By Rob Proctor, Gardening Expert
Thursday, July 27, 2007
This time of year, gardeners watch the weather forecasts diligently, dreading the first time temperatures drop below freezing.
On that fateful night, there are a number of tasks to get done before you go to bed. Prepare now for the first frost.
The good news is that a light frost won’t likely damage most perennials, grasses or shrubs such as roses. The vulnerable plants include tender annuals, vegetables and tropical plants. I usually rush out and harvest remaining tomatoes, peppers and eggplant. For tomatoes, get as much stem as you can, spread them on newspapers and they’ll ripen nicely indoors.
Often we have one isolated frost and then several weeks of warm weather. if you’re an optimist, cover your vegetables with sheets and they may continue to produce. I also use sheets and towels to protect container plants. To keep the weight of the fabric from breaking the plants, use bamboo stakes to support the sheets. Then secure them with chip clips and clothespins in case it’s windy. Use rocks or bricks to hold the sheets down on the ground. Of course, lightweight pots can be moved to the safety of the garage or porch.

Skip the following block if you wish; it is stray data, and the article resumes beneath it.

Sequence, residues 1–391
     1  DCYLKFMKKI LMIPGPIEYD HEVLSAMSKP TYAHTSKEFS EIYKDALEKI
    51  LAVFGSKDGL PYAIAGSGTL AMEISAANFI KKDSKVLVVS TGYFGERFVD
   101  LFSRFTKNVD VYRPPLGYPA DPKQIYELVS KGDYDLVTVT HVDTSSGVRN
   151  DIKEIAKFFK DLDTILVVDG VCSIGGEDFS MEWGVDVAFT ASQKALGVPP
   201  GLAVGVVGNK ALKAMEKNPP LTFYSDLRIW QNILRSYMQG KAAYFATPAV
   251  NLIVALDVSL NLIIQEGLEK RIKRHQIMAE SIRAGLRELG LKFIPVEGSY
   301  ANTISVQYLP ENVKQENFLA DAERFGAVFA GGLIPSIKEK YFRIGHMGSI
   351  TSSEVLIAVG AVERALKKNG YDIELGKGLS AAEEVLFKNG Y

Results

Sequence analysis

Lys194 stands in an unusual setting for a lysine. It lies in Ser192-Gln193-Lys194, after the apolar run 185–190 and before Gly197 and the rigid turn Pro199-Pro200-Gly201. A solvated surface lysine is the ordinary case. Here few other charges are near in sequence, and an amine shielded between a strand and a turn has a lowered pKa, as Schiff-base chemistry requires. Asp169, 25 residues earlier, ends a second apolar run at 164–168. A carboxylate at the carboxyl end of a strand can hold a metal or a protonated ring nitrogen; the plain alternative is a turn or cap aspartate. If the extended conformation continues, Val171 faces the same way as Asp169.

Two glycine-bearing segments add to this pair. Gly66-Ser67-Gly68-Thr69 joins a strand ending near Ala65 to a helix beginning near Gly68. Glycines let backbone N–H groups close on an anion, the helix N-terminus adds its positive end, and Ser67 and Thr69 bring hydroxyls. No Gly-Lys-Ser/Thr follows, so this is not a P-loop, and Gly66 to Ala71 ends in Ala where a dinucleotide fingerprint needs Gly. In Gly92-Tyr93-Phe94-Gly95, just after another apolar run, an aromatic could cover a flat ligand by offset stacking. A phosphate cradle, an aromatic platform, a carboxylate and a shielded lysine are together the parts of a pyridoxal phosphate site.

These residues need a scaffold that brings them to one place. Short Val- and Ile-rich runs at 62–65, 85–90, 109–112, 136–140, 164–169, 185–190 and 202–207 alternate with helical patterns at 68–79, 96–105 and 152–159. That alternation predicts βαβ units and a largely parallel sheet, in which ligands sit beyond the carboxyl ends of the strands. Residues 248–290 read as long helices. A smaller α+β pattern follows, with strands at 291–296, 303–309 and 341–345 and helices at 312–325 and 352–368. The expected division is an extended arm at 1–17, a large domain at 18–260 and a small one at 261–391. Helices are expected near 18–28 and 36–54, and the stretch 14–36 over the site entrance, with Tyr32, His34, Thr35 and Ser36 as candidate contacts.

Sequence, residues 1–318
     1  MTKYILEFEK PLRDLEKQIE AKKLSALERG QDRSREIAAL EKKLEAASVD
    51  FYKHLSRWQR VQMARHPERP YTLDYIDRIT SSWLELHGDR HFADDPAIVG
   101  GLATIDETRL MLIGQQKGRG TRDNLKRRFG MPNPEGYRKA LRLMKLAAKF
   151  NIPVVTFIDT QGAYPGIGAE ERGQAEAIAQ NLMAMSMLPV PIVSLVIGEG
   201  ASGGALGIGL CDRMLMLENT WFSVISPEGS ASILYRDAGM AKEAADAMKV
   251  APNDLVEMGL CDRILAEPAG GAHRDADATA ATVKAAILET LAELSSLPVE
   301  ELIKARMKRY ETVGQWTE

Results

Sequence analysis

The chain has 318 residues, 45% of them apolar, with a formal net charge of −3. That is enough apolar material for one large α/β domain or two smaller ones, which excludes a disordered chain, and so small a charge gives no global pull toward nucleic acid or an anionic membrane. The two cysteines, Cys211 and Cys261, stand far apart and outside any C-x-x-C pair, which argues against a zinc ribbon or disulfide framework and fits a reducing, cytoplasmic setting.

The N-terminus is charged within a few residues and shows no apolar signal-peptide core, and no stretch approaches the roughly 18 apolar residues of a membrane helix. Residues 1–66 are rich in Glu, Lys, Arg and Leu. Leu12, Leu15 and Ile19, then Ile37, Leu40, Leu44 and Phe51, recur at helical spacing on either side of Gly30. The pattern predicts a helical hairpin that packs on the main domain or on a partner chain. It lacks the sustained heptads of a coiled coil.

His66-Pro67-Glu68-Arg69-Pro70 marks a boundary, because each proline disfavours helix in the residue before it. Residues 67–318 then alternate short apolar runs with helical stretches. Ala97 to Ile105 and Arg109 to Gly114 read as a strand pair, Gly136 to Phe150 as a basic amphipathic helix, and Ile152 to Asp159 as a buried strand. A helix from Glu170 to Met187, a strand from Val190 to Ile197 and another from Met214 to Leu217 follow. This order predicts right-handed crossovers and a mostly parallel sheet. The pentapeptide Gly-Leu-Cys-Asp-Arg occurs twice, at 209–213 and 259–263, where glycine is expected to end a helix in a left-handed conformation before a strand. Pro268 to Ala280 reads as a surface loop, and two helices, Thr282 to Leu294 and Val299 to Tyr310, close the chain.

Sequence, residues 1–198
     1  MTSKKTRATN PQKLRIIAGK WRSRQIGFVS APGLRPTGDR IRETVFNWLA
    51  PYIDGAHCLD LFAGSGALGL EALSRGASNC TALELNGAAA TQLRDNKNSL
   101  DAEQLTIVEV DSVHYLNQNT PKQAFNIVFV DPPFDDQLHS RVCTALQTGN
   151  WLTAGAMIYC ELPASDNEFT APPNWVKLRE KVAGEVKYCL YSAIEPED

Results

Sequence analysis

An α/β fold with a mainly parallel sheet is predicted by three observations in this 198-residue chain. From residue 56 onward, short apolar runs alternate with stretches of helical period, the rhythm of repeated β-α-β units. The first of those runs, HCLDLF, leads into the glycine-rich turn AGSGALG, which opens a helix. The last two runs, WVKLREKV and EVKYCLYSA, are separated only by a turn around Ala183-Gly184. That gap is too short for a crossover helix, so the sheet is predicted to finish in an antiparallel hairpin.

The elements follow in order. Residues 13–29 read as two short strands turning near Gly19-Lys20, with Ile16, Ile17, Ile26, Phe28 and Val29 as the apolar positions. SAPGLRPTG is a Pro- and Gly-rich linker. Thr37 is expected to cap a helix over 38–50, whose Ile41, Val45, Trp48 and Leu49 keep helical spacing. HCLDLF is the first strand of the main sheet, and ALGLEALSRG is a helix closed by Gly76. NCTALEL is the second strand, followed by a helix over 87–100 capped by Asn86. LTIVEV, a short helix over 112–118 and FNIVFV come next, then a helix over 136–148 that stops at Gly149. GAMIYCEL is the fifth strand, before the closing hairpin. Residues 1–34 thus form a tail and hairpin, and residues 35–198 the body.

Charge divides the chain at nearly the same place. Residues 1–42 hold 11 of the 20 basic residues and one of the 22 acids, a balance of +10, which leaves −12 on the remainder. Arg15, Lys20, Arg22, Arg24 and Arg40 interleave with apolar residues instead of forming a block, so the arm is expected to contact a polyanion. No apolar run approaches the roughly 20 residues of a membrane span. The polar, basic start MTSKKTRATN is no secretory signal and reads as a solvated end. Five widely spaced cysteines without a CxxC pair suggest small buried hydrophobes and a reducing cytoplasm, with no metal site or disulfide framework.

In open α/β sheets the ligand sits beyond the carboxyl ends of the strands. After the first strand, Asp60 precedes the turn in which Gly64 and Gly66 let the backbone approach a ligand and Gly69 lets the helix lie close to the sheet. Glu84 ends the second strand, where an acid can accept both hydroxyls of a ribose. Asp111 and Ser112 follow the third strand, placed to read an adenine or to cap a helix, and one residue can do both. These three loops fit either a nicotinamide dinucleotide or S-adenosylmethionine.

Eventually you’ll want to decide which potted plants get saved for the winter. Here’s some help in deciding:
Bulbous plants such as cannas, dahlias, gladiolus, tuberous begonias, and pineapple lilies can be allowed to frost. Cut off the dead foliage, dig up the bulbs and store them in a dark, cool spot such as a corner of the basement.
Annual plants fare badly indoors. Petunias, marigolds, flowering tobacco, impatiens and zinnias should be allowed to freeze.
Most tropical plants are worth saving. You don’t need a greenhouse, just some window space. Consider rescuing potted foliage plants such as palms, ferns, dracaenas, dwarf bananas, New Zealand flax, philodendrons and spider plants as well as cactus and succulents. Blooming tropicals that can be housed inside include bougainvillea, angel trumpets, mandevilla, blue potato tree, gardenia, agapanthus, kangaroo paws, hibiscus, lantana and non-tuberous begonias such as ‘Red Dragon.’
And what about those pretty pots of coleus and geraniums? Save them if you have room. If not, take cuttings of your favorites and grow them on your windowsill. Make cuttings about 6 to 8 inches long. Remove all the bottom leaves as well as flowers or buds. You can root them in water or insert them into fresh, clean potting soil and firm the soil around the stem. Water them and place a clear plastic bag over the cutting, securing it with a rubber band around the rim of the pot. This makes a temporary miniature greenhouse that helps them to root. After a few weeks, tug at the stem gently. If it resists, the cutting has formed roots. Remove the plastic bag and enjoy your new plant, which can carry on next spring on your patio.
(Reprint of KUSA*TV article, All Rights Reserved)